According to Plants For A Future asserts that the root of this species of wild cucumber can be made into a bitter tea that treats headache, along with a variety of other ailments, and has aphrodisiac qualities. Of course, the site also offers a disclaimer that it doesn’t intend to offer any medical advice, so a substantial dose of skepticism is called for.
Prairie Moon sells seeds for Echinocystis lobata, but if you know other gardeners, ask them if they have some growing in their gardens or yards already. Wildlife often spread the seeds naturally, and seeds gathered from a few plants in the wild are likely to possess more genetic diversity than those sold by a nursery.
The USDA Natural Resources Conservation Service states that Echinocystis lobata can be “invasive”, but it’s a native plant across almost the entire United States, so that’s a rather subjective judgment. When farmers plant vast fields of soybeans and corn, and some vines of wild cucumber pop up in the fields, which plant is really the invader?
“We Need Smith is a movement to support new leaders and new ideas from outside the broken Washington system.”
A movement? From outside the broken Washington system? So says the the Facebook page for the political corporation called We Need Smith.
Anyone who bothers to look a little behind the scenes will quickly figure out that the “outside the broken Washington system” part is baloney. We Need Smith is the construction of three insiders from the conservative political marketing circuit.
As for the “movement” part, well, a movement needs to move. Since I last checked 16 days ago, We Need Smith’s Facebook account has not gained a single new “like.” Over on Twitter over the same period, We Need Smith’s followership has fallen by 42 people.
On the home page of its website, We Need Smith used to feature a count of its “Smiths” — basically, people who had signed up for the website’s e-mail list:
But over the last 16 days, only 4 people have added their names to the list of “Smiths.” These anemic responses come despite prominent coverage of the We Need Smith “movement” on TV, in newspapers and in the blogosphere. You can’t hide your follower counts on Facebook or Twitter, but you can make a change to your own website:
No more embarrassing counts. All that’s left is the statement “you’re not alone.” That is true. There is that guy in Hoboken.
In Arizona, Republican politicians have been working overtime this year to provoke people into voting with their fears. They’ve been whipping up anti-immigrant mobs with wild accusations that foreign children are bringing Ebola across the border with Mexico. They’ve even chased down school buses, shouting at the children within, to find an example of an infected little miscreant.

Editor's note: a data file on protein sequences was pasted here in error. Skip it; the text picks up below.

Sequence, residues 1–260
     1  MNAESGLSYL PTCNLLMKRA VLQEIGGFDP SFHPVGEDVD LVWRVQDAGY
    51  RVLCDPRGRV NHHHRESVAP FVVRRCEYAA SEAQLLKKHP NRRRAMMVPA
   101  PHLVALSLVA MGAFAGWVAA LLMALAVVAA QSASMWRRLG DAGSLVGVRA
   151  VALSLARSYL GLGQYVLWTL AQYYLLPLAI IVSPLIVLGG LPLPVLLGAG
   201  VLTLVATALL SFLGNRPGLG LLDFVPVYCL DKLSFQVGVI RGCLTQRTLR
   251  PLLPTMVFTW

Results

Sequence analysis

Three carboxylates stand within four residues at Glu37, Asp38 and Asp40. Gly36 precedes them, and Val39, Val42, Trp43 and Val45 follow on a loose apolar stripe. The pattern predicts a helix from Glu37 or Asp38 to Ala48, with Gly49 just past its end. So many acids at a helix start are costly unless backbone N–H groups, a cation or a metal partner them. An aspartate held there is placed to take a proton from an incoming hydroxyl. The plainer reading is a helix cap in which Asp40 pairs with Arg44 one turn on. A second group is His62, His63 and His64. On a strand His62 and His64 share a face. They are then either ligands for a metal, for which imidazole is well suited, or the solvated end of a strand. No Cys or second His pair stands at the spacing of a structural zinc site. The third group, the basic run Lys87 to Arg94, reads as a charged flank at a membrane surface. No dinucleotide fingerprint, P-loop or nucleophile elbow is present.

One congressional candidate in Arizona isn’t willing to go along with this vile campaign of scapegoating. While the Republican Party of Arizona follows a policy of fury, James Woods, the Democratic candidate in Arizona’s 5th congressional district, unapologetically speaks out for a progressive vision in which the desire to live in the United States isn’t treated as a reprehensible thing.
“Immigration policy must reflect the reality that we live in a culture dependent on the work and worth of immigrants and their families. I support an immediate end to the criminalization of immigration. Deportations for minor crimes must be brought to a full stop,” Woods writes. “We need a restorative approach that reflects the tremendous value immigrants and their families bring to our communities. We need to stop tearing families apart with punitive deportations. If we wish to live in a free and open society, we must have immigration policies that are equally free and open. Without this, we cannot claim to be a beacon of liberty and we lose moral credibility with the world community.”
James Woods wants the government to help people – something the Republican Party regards as a shameful idea. “I have a vision for an America in which government is a Progressive instrument of the people used to empower all of us to live in safety and happiness, Woods says. “To succeed, we must ensure equality of opportunity for everyone. When anyone is denied full inclusion in social and civic life, it degrades our economy and takes a terrible toll on our communities. I support policies that safeguard equal treatment, protection and opportunity for everyone.”
If only more Democratic politicians would speak with this kind of clarity, progressives might actually come to trust the Democratic Party again.